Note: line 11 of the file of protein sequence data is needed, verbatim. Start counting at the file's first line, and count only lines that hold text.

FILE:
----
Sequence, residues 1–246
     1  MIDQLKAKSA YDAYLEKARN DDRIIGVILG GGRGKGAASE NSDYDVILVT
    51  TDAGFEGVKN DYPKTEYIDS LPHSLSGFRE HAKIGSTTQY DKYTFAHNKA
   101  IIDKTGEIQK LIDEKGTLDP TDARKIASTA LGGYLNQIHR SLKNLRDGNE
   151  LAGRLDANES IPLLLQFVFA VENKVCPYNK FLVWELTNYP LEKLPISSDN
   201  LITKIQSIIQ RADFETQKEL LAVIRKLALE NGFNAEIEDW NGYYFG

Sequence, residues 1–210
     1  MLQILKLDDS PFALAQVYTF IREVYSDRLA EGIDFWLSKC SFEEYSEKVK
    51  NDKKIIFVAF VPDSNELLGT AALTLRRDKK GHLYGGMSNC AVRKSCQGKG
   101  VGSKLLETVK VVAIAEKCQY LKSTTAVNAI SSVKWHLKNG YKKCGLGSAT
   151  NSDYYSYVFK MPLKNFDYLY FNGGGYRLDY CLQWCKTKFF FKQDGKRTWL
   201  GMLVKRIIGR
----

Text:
   151  NSDYYSYVFK MPLKNFDYLY FNGGGYRLDY CLQWCKTKFF FKQDGKRTWL